|Phelps' team-mate Missy Franklin claims her second gold in the 200m backstroke at the Worlds [GALLO/GETTY]
American great Michael Phelps won the 100m butterfly in convincing fashion on Saturday to prove he is far from a spent force in swimming despite a disappointing world championships.
The defending champion, world record-holder and Olympic gold medallist was third at the turn but he swept through the field over the final 50 metres to win in 50.71sec, ahead of Poland's Konrad Czerniak and America's Tyler McGill.
Also on Friday, the United States enjoyed more success through 16-year-old Missy Franklin, who claimed her second title - and fourth medal overall - with a dominant victory in the women's 200m backstroke.
Franklin, one of the stars of Shanghai, was never behind in the race and she won it convincingly in 2min 5.10sec ahead of Australia's Belinda Hocking and Sharon van Rouwendaal of the Netherlands.
With nemesis Ryan Lochte watching from the stands, Phelps extended his record number of world titles to 25, including three in Shanghai, alongside two silver medals and one bronze.
"I'm not in the right shape physically. I want to be faster. It's a tough race"
"I'm not in the right shape physically. I want to be faster. It's a tough race," Phelps said.
"Sometimes I need to judge what I can do better. I need definitely to push in the first 50 metres. I'll work on my next game. I'll watch some races and think about how I can be faster."
Phelps returned to China looking for a possible seven golds, to follow his eight from the 2008 Olympics, but he was beaten by Lochte in the 200m freestyle and again in the 200m individual medley, where his team-mate set a world record.
Phelps now faces the challenge of returning to peak condition for his swansong at next year's London Olympics, after acknowledging he has neglected training and spent too much time playing golf following the Beijing Games.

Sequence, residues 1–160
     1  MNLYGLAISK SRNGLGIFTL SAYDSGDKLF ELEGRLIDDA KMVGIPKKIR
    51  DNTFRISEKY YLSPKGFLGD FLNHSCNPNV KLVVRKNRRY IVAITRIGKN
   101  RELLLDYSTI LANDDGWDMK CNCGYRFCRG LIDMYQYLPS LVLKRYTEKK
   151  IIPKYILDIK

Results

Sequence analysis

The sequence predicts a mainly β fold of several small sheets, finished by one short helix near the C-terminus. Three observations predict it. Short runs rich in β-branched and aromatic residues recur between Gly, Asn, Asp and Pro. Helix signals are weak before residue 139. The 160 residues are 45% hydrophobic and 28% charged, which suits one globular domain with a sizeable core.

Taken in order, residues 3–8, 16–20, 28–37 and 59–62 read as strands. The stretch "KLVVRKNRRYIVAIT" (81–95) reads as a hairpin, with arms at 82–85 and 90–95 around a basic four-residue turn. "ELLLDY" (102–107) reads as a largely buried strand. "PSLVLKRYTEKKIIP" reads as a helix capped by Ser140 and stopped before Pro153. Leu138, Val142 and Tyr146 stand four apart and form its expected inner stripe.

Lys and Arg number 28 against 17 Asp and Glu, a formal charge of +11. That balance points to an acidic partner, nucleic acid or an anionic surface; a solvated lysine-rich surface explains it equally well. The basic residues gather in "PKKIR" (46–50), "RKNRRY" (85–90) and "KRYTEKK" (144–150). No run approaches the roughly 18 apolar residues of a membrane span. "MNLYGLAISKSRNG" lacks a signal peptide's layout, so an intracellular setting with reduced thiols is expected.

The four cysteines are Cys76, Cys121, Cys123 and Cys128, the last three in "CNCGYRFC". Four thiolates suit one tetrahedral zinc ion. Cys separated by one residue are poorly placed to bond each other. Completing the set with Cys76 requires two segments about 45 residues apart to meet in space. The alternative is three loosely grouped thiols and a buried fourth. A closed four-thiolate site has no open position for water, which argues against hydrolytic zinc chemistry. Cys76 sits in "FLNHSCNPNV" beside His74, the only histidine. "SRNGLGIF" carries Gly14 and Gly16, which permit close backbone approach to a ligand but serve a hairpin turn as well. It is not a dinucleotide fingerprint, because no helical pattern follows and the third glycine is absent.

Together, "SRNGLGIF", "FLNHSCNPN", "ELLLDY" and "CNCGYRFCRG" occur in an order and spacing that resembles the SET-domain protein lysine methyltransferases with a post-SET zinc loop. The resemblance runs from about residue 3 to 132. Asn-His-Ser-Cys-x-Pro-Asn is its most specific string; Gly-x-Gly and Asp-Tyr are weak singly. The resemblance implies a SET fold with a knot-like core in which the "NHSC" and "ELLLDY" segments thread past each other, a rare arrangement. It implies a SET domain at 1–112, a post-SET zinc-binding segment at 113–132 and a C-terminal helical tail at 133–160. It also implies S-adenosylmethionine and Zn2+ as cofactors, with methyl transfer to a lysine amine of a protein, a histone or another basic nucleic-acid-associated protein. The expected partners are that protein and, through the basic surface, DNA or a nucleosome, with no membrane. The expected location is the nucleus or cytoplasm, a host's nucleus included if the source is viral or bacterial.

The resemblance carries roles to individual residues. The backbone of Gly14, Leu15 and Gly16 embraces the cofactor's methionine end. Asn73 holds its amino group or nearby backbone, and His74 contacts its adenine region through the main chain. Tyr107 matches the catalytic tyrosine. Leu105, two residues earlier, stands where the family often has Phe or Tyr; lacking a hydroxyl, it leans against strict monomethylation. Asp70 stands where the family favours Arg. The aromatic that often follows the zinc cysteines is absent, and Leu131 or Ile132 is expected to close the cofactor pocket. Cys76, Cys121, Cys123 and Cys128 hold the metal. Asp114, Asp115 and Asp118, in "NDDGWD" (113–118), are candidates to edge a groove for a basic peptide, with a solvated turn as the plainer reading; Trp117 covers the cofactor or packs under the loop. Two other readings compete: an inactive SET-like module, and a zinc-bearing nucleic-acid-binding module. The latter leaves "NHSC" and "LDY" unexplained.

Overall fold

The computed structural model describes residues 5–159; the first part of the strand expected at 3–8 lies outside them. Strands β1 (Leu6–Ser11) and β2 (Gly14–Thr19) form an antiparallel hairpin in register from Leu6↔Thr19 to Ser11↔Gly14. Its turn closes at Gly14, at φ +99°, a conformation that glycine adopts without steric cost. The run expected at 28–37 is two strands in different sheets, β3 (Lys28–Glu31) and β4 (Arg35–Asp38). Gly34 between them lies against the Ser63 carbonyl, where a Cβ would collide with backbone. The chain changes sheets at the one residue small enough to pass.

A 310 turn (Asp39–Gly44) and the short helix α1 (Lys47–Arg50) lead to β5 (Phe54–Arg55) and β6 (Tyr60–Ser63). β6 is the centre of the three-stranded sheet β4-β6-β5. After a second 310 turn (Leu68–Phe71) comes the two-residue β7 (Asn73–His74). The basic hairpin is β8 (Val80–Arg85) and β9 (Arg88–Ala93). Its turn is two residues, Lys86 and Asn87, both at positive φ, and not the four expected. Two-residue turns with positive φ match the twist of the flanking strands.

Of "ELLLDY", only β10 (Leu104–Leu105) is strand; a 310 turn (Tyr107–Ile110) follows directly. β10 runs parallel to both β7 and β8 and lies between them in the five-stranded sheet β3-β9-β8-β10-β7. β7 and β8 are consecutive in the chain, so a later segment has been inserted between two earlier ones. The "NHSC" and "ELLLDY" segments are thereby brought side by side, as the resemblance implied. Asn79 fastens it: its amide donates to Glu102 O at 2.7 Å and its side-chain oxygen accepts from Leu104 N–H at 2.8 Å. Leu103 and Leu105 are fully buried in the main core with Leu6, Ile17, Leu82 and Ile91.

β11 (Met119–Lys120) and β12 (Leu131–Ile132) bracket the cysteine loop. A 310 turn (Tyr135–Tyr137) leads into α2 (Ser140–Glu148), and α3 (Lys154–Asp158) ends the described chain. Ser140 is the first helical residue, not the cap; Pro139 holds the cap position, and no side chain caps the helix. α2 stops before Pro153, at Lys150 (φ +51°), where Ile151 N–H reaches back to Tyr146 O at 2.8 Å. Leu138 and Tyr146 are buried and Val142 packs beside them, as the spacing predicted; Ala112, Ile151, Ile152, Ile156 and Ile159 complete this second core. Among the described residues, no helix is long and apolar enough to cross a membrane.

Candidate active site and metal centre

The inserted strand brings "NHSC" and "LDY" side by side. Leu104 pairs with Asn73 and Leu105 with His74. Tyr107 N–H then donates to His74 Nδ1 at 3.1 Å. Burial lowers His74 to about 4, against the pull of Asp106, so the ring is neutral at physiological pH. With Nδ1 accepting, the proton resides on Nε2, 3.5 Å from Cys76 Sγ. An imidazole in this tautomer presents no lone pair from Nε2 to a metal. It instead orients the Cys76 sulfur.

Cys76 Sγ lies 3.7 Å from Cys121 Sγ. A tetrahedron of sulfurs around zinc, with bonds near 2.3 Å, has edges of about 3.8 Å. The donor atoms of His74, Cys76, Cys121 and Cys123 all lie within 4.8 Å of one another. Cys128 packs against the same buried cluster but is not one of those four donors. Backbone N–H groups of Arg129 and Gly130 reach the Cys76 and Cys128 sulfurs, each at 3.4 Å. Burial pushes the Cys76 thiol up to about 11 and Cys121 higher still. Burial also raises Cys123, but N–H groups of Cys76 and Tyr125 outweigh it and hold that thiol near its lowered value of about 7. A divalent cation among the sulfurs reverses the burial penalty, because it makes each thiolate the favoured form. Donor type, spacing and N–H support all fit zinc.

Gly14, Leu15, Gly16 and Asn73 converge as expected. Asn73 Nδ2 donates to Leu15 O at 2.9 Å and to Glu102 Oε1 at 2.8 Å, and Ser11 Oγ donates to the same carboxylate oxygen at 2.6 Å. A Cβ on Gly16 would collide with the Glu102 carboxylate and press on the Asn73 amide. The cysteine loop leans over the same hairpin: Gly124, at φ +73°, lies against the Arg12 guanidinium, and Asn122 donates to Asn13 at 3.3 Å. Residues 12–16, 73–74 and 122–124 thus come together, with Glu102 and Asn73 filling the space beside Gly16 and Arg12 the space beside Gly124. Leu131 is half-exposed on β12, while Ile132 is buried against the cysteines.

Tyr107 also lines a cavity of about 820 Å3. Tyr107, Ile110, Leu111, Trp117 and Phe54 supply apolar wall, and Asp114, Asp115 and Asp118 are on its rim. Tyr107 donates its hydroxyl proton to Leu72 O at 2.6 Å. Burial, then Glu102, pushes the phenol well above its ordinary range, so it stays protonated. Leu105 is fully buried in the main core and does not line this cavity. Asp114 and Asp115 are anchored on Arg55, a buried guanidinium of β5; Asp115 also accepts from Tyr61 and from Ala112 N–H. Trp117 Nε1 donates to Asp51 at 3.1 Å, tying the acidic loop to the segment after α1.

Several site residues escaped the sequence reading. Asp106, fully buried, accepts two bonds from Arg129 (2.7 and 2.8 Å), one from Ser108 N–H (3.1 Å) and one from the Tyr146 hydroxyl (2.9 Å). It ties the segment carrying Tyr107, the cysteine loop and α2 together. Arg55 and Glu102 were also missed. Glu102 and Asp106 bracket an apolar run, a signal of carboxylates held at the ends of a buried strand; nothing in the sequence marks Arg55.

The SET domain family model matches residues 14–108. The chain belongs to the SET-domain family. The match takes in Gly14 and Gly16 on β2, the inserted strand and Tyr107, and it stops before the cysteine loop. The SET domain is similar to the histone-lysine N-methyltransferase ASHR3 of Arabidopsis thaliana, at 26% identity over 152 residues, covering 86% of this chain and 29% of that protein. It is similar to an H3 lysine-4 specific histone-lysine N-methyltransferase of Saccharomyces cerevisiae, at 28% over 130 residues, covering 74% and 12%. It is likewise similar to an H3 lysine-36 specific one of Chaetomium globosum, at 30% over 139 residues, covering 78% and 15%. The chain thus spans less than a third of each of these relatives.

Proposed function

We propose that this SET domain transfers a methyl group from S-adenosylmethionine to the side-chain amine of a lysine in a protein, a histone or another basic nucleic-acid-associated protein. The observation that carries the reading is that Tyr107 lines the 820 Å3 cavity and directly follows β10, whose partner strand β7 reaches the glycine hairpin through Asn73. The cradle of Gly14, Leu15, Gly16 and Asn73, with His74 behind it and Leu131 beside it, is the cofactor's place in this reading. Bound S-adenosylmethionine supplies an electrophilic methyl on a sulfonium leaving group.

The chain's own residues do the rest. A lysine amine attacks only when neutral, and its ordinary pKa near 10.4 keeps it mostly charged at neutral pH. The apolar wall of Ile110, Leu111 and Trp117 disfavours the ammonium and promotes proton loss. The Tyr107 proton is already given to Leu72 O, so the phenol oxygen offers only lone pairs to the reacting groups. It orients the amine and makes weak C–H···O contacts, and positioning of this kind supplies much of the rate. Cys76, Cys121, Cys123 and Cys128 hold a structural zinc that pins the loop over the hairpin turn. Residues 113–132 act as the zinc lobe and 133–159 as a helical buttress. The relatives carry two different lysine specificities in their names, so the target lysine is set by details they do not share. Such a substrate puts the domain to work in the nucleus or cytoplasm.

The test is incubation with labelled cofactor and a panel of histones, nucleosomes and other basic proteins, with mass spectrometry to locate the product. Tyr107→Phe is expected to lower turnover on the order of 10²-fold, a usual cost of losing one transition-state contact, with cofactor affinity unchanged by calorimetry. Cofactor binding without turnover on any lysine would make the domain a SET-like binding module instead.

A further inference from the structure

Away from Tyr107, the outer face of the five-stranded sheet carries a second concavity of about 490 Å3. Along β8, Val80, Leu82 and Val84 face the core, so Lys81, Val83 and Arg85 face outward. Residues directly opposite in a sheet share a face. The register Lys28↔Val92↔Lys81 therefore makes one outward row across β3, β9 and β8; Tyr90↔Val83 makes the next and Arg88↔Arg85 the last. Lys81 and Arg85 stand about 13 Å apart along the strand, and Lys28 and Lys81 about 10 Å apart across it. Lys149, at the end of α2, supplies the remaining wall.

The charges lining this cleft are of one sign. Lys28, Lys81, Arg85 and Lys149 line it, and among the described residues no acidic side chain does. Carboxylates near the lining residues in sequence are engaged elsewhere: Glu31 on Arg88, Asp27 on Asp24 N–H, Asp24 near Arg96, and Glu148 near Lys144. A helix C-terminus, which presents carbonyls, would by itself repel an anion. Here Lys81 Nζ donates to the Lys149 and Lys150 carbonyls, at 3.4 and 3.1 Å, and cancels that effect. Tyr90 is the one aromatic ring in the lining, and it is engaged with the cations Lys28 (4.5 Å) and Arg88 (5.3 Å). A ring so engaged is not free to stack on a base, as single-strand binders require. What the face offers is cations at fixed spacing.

Meanwhile Dutch swimmer Inge Dekker upset a field including the world record-holder and defending champion to win the women's 50m butterfly and claim her first individual world title.
Dekker timed 25.71sec ahead of Therese Alshammar of Sweden, with France's Melanie Henique taking bronze and 2009 winner Marieke Guehrer dead last.
Olympic champion Rebecca Adlington won Britain's first pool gold medal of the world championships with victory in the women's 800m freestyle.
Adlington finished in 8min 17.51sec ahead of Denmark's Lotte Friis, who led for most of the race, with America's Kate Ziegler third.
Earlier, controversial swim star Cesar Cielo successfully defended his 50m freestyle world title as the sport's chiefs criticised doping rules after a case involving the Brazilian.
The Olympic champion and world record-holder's victory never looked in doubt as he surged down the Sea Crown stadium pool to touch in 21.52sec ahead of Italy's Luca Dotto and French swimmer Alain Bernard.
"It's been a crazy week, and crazy situation," admitted Cielo, who welled up in tears on the victory podium.
| Cesar has won two gold medals despite testing positive for a banned diuretic [GALLO/GETTY]
"For next year's Olympics I must be a little bit faster. There is a little room to improve. Today I just focused on the race, thought about the race. I am very, very happy."
Cielo has been a contentious figure in Shanghai after escaping suspension on the eve of the championships despite testing positive for a banned diuretic earlier this year.
In an interview with FINA executive director Cornel Marculescu criticised World Anti-Doping Authority (WADA) rules and said athletes' anger over the case was understandable.
Some swimmers have expressed unhappiness at the ruling and Kenya's Jason Dunford gave the "thumbs-down" gesture after Cielo's earlier victory in the 50m butterfly.
Asked whether he could understand the response, Marculescu said: "Yes, I do. Yes, it's normal. The people feel frustrated. What can I say?"
Marculescu said FINA would raise the case with WADA, complaining that revised guidelines had led to confusion among athletes and allegations of unfair treatment.
The swimming body has now approved a pilot project to create "biological passports" by storing the results of blood tests to detect suspicious variations over time.